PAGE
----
Presentation on theme: "AS Geography Atmosphere & Weather Energy Budgets."— Presentation transcript:
AS Geography Atmosphere & Weather Energy Budgets
Meteorology is the study of the atmosphere. Weather is the short term conditions of the atmosphere. Climate is the longer-term average conditions in the atmosphere (temperature, humidity, precipitation). InstrumentMeasuresUnit ThermometerTemperatureCelsius/ Fahrenheit HygrometerHumidity% BarometerAir PressureMb (milibars) AnemometerWind SpeedKm or Miles/hour Weather VaneWind DirectionCompass directions Rain GaugeRainfall/precipitationmm
Structure of the atmosphere
Incoming & Outgoing Energy Energy enters the atmosphere as short wave solar radiation (insolation). It may leave as: –Reflected solar radiation –Outgoing long-wave (infra-red) radiation There is a balance between the energy arriving & leaving. Positive heat balance at tropics Negative heat balance at polar regions
Energy Budgets Some parts of the earth receive a lot of solar energy (surplus), some receive less (deficit). In order to transfer this energy around, to create some sort of balance, the earth uses pressure belts, winds and ocean currents. The global energy budget is an account of the key transfers which affect the amount of energy gain or loss on the earth’s surface. The energy budget has a huge effect on weather and climate.
The six-factor day model
1. Incoming solar radiation Atmosphere’s main energy input Strongly influenced by cloud cover and latitude At the equator, the sun’s rays are more concentrated than at the poles.
2. Reflected solar radiation The proportion of reflected solar radiation varies greatly with the nature of the surface. The degree of reflection is expressed as either a fraction on a scale of 0 to 1, or as a percentage. This fraction is referred to as the albedo of the surface. Albedo This is simply the proportion of sunlight reflected from a surface. Fresh snow & ice have the highest albedos, reflecting up to 95% of sunlight. Ocean surfaces absorb most sunlight, and so have low albedos.
Examples Surface or objectAlbedo (% solar radiation reflected) Fresh snow75-95 Thick clouds60-90 Thin clouds30-50 Ice30-40 Sand15-45 Earth & atmosphere30 Mars (planet, not bar)17 Grassy field25 Dry, ploughed field15 Water10 Forest10 Moon7
3. Surface absorption Energy arriving at the surface has the potential to heat that surface The nature of the surface has an effect, e.g. –If the surface can conduct heat rapidly into the lower layers of the soil its temperature will be low. –If the heat is not carried away quickly it will be concentrated at the surface & result in high temperatures there.
4. Latent heat (evaporation) The turning of liquid water into vapour consumes a considerable amount of energy. When water is present at the surface, a proportion of the incoming solar radiation will be used to evaporate it. Consequently, that energy will not be available to raise local energy levels and temperatures.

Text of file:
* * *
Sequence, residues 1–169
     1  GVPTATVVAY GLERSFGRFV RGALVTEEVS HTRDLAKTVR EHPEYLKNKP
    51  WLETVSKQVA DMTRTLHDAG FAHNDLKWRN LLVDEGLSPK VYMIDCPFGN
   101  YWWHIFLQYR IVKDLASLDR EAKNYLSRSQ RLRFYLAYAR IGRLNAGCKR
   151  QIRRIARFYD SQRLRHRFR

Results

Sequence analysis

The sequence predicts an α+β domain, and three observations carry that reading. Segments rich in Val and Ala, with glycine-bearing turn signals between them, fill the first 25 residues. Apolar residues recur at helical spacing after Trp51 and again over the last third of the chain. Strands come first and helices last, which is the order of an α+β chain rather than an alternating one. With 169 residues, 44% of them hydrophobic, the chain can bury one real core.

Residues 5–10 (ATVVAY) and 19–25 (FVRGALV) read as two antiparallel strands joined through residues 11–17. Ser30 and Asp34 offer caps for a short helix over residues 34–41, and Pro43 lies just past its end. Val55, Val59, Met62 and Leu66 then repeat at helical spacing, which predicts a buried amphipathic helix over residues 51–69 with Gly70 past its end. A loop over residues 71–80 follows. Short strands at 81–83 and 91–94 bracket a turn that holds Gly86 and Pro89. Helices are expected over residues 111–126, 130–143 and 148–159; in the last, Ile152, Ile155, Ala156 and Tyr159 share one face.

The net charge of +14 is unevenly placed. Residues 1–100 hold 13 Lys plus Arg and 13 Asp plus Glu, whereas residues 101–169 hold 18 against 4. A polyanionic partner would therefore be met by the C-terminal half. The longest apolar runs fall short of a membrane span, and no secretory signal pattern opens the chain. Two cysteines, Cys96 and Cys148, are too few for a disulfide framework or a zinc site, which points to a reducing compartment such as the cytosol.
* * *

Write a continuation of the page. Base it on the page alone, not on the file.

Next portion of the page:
Energy & transfers of state
5. Sensible heat transfer This term is used to describe the transfer of parcels of air to or from the point at which the energy budget is being assessed. –If relatively cold air moves in, energy may be taken from the surface, creating an energy loss. –If warm air rises from the surface to be replaced by cooler air, a loss will also occur. This process is best described as convective transfer, and during the day it is responsible for removing energy from the surface and passing it to the air.
6. Longwave radiation This is emitted by the surface, and passes into the atmosphere, and eventually into space. There is also a downward-directed stream of long-wave radiation from particles in the atmosphere The difference between the 2 streams is known as the net radiation balance. During the day, since the outgoing stream is greater than the incoming one, there is a net loss of energy from the surface.
Simple daytime energy budget equation Energy available at surface = Solar radiation receipt – (reflected solar radiation + surface absorption + latent heat + sensible heat transfer + longwave radiation)
The four-factor night model
1. Longwave radiation During a cloudless night, little longwave radiation arrives at the surface of the ground from the atmosphere Consequently, the outgoing stream is greater and there is a net loss of energy from the surface. Under cloudy conditions the loss is reduced because clouds return longwave radiation to the surface, acting like a blanket around the earth With clear skies, temperatures fall to lower levels at night.
2. Latent heat (condensation) At night, water vapour in the air close to the ground can condense to form dew because the air is cooled by the cold surface. The condensation process liberates latent heat, and supplies energy to the surface, resulting in a net gain of energy. However, it is possible for evaporation to occur at night. If this happens on a significant scale a net loss of energy might result.
3. Subsurface supply The heat stored in the soil and subsoil during the day can be transferred to the cooled surface during the night. This energy supply can offset overnight cooling, and reduce the size of the night-time temperature drop on the surface.
4. Sensible heat transfer Warm air moving to a given point will contribute energy and keep temperatures up. By contrast, if cold air moves in energy levels will fall, with a possible reduction in temperature.